4 August 2008
23 May 2013
18 October 2013
30 September 2013
26 September 2013
10 April 2013
Senior associates willing to transfer from London to other jurisdictions are having their path to partnership put on the fast-track.
As The Lawyer revealed last week (28 July), Denton Wilde Sapte is drafting a formal policy to encourage senior associates to join the firm’s international offices.
The policy could even go so far as offering guaranteed partnership within a year of service outside London, with Dentons currently targeting the Middle East.
Other City law firms have not opted to go down the formal policy route, preferring instead to ;deal ;with promotions on a case-by-case basis.
Eversheds Middle East ;managing partner Chris Jobson, who recently transferred four London associates to the firm’s new Abu Dhabi base, says prospects for UK lawyers tend to be better once they have worked abroad.
“Hong Kong in the 1990s is a case in point, as many associates found themselves ;quickly ;reaching partnership locally or, when they went back to HQ, saw themselves fast-tracked as they had that little bit extra,” he says.
The Middle East chief adds that associates who enter jurisdictions that are “expanding and flourishing” generally find that their prospects will also “expand and flourish”.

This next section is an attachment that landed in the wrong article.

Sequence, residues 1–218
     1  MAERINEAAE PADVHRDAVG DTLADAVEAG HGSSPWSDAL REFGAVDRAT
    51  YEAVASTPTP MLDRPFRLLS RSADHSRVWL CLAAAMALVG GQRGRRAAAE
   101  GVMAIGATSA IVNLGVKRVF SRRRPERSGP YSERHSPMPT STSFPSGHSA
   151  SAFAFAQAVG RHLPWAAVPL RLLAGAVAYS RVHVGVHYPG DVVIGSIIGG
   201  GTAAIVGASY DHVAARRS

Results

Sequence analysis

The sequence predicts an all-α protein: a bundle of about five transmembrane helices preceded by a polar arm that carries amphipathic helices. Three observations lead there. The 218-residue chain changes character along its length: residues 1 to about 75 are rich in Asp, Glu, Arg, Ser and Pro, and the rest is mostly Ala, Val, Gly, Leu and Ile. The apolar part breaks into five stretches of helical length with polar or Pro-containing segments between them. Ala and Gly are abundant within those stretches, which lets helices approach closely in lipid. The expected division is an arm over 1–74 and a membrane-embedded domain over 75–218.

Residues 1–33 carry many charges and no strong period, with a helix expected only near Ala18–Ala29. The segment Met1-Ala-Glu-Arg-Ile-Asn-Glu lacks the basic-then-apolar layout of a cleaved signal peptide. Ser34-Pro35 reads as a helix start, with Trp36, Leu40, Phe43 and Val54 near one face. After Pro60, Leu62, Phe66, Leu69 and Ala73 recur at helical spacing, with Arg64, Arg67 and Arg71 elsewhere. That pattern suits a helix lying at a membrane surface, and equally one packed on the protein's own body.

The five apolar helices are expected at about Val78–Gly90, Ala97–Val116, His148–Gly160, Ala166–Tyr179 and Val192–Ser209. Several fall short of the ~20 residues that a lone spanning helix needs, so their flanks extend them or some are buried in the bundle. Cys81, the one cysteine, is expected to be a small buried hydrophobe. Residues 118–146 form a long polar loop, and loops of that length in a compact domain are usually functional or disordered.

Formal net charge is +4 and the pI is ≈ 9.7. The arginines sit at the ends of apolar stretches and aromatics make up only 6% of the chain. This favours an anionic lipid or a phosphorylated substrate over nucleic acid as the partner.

“It’s for that simple reason that a formal policy for us just doesn’t seem necessary,” he says.
Norton Rose HR director David Simons also believes his firm should keep the process informal.
“We don’t go all-out to offer incentives to senior associates looking to transfer. The main thing is to make sure they don’t lose out financially,” explains Simons. “It’s something that we encourage our senior associates to do as it’s good for their careers and future prospects.”
Eversheds and Norton Rose are not alone in preferring to whisper “job prospects” in the ear of an associate as a way to entice them out of London. Insiders at Clyde & Co, Lovells and magic circle firms including Freshfields Bruckhaus Deringer and Linklaters say their firms also play the informal fast-track card.
“It’s not done overtly. So there’s nothing like, ‘Go to X and get promoted in two years as opposed to 10’,” says a Clydes insider. “It’s more, ‘this will give you something on your CV that will make you stand out’. At the end of the day, though, it means the same thing.”
Magic circle firms occasionally put relocation costs on the table, but again the international experience is also seen as a plus on the road to partnership.
Not all firms offer career incentives, be it formal or otherwise.
At ;CMS ;Cameron McKenna no offers are put on the table to move associates from more heavily staffed offices to those in need. The firm’s director of people and development Diane Gwynne says its associate to partner route is fairly even throughout its offices at the moment. As a result Camerons “does not offer special incentives for senior associates to move jurisdictions
But the simple message from most of the firms is: if you want to become a partner sooner rather than later, then get out of London.